Monday, May 16, 2005

It always feels kinda weird, pushin' stuff here that falls somewhat outside the general NBT-sphere of things, but what with the serious lack of any genuinely rockin' discs headin' my way, I've been lookin' elsewhere for kicks.
London's Soul Jazz label has been steadily building an impressive catalogue of as diverse a sounds as you'd care to mention. Their reggae releases have set new standards, but recently I've been diggin' into some of their more "out there" material as well. New Thing! explores the late 60s/early 70s post-John Coltrane side of jazz. And even tho' it can only be described as "difficult", it's one of the most fascinating discs I've heard in the past couple o' weeks. I'll save you the track-by-track lowdown here, but will single out Alice Coltrane's take on here husband's A Love Supreme that starts of with some guru-type statin' the benefits of love 'n peace, and then heads straight into near VU-like territory w/ an organ-sound that is pure Sister Ray and Cale-ish violin. Definitely worth the effort it takes to digest this!. The Sexual Life Of The Savages is a compilation of "underground post-punk from Sao Paulo, Brazil", and even tho' we are promised the South American equivalents of the Pop Group and Gang Of Four, most of this sounds more like below-par Shriekback or A Certain Ratio. That said, the two tracks by the all-girl As Mercenarias would have been stand-outs had they been released on Rough Trade in '79 amongst like-minded bands, while Chance's Samba De Morro is a wonderfully subdued tune that wouldn't be out of place on the next Angel Corpus Christi disc. But three good songs just ain't enough to recommend this set. Maybe the post-punk mood wasn't really suited for the tropical climate. Case in point: If one place was suited for it, Berlin was the capitol of post-punk, and Monitor Pop provide the evidence with the excellent Berlin Super 80 sampler. A 2 LP set that rounds up the cream of the city's underground bands from the early 80s. With all the kudos 70s kraut-rock has been given in recent years it's about time the Neue Deutsche Welle gets some, long overdue, credit as well. Returning to South America, Pressure Sounds has just put out Safe Travel, a fine set of rocksteady productions by Phil Pratt. What with rocksteady bein' the Jamaican equivalent of the Impressions/Temptations cool-school of vocals and with Lynn Taitt's trademark guitar works, this is about a good as it gets, reachin' Treasure Isle levels of perfection. So there you have it. Please leave recommendations of similar material in the comments section...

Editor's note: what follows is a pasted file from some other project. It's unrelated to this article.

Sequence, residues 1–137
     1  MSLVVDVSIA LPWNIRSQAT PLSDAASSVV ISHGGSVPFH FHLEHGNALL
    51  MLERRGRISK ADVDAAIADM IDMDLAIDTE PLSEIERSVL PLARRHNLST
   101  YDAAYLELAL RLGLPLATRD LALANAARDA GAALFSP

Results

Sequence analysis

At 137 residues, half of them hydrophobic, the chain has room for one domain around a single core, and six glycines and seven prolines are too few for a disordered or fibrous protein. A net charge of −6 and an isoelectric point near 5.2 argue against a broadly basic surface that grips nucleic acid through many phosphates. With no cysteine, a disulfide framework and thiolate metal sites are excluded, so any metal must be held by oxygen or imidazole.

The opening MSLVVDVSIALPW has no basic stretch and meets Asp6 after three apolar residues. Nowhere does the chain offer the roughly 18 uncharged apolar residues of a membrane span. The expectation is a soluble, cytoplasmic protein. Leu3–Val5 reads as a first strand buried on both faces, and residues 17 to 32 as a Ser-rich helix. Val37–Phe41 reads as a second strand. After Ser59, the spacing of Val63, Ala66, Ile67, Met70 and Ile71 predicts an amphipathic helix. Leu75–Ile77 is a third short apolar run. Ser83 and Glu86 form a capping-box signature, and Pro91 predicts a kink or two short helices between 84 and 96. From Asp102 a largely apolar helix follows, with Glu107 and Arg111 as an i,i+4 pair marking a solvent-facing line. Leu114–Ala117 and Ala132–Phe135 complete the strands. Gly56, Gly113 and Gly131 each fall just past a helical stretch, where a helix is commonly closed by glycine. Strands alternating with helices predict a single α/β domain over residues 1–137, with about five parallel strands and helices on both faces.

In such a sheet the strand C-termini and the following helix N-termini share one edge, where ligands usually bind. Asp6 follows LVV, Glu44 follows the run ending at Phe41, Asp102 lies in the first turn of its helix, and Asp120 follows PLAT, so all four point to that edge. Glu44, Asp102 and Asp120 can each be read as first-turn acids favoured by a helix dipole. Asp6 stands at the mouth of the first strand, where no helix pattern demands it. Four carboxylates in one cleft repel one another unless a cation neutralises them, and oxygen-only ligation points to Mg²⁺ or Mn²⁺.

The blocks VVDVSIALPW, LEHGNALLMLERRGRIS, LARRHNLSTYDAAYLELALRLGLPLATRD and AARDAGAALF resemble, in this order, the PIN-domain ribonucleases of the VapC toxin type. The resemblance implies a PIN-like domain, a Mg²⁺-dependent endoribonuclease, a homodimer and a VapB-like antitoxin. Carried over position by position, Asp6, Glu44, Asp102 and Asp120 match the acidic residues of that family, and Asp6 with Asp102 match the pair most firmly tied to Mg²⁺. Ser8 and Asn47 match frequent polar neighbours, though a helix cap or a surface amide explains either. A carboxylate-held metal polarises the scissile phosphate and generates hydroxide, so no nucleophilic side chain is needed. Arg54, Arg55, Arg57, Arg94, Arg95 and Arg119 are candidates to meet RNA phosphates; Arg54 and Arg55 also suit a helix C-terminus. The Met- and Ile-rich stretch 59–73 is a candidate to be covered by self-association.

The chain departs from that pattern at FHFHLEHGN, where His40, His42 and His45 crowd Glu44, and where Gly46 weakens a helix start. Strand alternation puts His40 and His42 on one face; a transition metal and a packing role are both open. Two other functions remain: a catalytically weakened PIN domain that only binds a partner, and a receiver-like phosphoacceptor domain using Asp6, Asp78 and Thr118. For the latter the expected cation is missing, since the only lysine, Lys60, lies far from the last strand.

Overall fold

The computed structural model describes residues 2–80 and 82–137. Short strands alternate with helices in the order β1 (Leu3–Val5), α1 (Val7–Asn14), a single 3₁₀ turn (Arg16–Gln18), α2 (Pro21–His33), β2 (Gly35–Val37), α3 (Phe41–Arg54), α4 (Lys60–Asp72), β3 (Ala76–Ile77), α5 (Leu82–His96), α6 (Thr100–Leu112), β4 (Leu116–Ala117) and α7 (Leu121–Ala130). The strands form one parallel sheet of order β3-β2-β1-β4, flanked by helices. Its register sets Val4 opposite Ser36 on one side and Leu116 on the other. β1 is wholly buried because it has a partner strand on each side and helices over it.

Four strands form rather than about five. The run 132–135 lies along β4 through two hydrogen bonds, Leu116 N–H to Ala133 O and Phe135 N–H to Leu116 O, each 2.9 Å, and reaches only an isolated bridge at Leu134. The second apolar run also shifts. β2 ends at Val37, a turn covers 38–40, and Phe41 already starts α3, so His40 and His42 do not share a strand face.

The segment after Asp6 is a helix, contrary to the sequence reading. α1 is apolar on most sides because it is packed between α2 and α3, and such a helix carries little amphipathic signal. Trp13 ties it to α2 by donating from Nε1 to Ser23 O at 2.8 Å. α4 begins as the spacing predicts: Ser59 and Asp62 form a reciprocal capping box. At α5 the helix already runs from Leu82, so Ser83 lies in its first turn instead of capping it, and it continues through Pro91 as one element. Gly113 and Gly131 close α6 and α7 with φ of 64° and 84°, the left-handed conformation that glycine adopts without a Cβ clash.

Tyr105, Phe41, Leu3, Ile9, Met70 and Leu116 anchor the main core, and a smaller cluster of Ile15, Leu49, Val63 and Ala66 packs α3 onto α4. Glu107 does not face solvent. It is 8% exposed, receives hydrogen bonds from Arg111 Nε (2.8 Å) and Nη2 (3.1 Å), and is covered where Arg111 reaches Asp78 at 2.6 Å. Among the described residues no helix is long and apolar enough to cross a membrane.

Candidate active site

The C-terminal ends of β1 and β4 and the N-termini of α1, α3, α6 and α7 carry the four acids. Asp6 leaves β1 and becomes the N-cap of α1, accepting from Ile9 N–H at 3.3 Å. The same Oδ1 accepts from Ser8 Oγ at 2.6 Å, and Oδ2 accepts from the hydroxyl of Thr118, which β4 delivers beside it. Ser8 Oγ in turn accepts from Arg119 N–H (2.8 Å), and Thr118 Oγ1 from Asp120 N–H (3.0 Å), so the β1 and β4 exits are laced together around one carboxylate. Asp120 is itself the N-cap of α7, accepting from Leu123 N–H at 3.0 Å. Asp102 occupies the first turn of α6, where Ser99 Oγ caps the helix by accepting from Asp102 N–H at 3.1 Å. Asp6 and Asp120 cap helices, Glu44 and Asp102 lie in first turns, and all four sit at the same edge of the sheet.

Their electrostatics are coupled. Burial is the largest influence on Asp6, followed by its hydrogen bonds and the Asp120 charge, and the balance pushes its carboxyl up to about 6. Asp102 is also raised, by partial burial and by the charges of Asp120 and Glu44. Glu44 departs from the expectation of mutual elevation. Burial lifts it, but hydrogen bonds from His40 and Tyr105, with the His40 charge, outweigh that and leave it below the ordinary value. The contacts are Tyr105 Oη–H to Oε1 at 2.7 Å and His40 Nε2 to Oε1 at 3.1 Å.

Mr. Hagen reports that one B. Springsteen is currently closing his live set by a tune by the name of "Dream, Baby, Dream" . I wonder what Messrs Rev and Vega make of that?

"Hello and welcome to Show and Tell, a site that serves as sort of an orphanage for thrift store music and album cover art."

"NBT-crew in the house", pictured earlier today in the industrialzone just outside of town. What can it mean?